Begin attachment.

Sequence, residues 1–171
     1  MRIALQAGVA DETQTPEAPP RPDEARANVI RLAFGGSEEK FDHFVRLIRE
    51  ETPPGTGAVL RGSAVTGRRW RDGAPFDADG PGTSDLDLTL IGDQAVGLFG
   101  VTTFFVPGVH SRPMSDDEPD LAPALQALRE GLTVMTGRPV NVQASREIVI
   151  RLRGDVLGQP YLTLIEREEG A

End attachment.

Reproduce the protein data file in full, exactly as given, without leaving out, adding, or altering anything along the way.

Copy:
Sequence, residues 1–171
     1  MRIALQAGVA DETQTPEAPP RPDEARANVI RLAFGGSEEK FDHFVRLIRE
    51  ETPPGTGAVL RGSAVTGRRW RDGAPFDADG PGTSDLDLTL IGDQAVGLFG
   101  VTTFFVPGVH SRPMSDDEPD LAPALQALRE GLTVMTGRPV NVQASREIVI
   151  RLRGDVLGQP YLTLIEREEG A